The First Amendment information-gathering right has always been inferior to the long-established right to speak and publish. As such, the danger has been that a court concerned, for example, with prejudicial publicity could characterize the issue as gathering instead of publication—and apply a more relaxed standard. Indeed, the transparent concern in most gathering cases has been with the ultimate publication. When states defend statutes prohibiting recording without the consent of all parties to a conversation, the asserted “privacy” interests are generally not threatened by the physical act of recording, but by the disclosure of the content of the recording. Thus, when the State of Illinois attempted to defend its Eavesdropping Act, even when the recordings would be of police officers performing their duties in public, the Court of Appeals for the Seventh Circuit dismissed the privacy interests, conflated gathering and expression, and provided a roadmap for future courts to analyze such cases as direct threats to freedom of speech.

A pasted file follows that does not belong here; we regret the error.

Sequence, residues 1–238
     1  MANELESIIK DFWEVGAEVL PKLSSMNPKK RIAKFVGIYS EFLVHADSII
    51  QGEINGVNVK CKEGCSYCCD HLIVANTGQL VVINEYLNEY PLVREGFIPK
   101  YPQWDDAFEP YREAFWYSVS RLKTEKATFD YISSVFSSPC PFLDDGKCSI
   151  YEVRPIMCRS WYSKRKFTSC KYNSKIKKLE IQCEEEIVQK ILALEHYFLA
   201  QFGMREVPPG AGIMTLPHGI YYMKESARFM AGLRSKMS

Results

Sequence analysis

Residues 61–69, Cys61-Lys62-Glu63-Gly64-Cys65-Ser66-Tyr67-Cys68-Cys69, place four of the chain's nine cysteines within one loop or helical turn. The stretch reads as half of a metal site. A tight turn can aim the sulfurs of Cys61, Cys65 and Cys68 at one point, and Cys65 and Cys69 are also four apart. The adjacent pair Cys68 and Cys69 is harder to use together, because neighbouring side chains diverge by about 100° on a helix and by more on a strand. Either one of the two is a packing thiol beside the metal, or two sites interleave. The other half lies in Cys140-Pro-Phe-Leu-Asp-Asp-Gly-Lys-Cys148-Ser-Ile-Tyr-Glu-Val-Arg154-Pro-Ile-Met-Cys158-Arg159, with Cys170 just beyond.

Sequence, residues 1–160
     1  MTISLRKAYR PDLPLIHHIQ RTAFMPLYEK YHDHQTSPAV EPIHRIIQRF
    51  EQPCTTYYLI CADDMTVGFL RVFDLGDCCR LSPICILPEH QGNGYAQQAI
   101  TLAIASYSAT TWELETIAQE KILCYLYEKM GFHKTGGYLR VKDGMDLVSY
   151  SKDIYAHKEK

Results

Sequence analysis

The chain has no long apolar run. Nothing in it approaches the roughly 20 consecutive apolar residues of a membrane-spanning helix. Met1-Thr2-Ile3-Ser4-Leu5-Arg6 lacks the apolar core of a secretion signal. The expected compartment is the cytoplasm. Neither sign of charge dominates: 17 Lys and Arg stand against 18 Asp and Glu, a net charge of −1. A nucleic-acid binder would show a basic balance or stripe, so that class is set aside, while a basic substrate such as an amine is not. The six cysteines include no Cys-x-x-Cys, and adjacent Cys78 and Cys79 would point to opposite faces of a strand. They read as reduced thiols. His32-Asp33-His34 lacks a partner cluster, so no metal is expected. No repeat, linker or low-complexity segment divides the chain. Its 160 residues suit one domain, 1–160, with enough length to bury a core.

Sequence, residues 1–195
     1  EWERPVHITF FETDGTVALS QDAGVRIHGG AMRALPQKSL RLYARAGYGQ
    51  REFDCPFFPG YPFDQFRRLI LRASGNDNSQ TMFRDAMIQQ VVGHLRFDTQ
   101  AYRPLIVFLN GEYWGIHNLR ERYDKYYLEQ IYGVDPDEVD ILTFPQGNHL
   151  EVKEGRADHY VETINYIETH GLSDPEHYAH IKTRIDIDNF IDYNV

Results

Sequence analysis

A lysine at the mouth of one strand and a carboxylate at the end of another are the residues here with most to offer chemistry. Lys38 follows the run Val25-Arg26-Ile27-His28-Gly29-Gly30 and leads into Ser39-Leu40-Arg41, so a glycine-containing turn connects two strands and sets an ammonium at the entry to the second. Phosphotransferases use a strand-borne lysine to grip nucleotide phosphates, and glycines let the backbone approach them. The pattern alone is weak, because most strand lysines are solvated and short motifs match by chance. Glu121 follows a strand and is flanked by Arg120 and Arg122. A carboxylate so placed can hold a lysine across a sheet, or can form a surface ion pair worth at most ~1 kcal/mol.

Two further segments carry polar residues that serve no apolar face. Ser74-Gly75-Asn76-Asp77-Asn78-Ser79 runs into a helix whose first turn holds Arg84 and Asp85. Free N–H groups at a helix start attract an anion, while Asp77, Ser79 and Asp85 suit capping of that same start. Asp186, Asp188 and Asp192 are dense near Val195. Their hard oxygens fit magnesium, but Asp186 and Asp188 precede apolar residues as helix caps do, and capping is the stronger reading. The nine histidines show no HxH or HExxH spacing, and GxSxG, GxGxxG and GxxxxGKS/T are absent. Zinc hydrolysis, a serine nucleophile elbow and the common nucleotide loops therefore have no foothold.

Northern Illinois University Law Review
"Reconsidering the Gathering/Publication Dichotomy: Recording as Speech? What Next?,"
Northern Illinois University Law Review: Vol. 33:
3, Article 4.
Available at: https://huskiecommons.lib.niu.edu/niulr/vol33/iss3/4
Steven Helle, Reconsidering the Gathering/Publication Dichotomy: Recording as Speech? What Next?, 33 N. Ill. U. L. Rev. 537 (2013).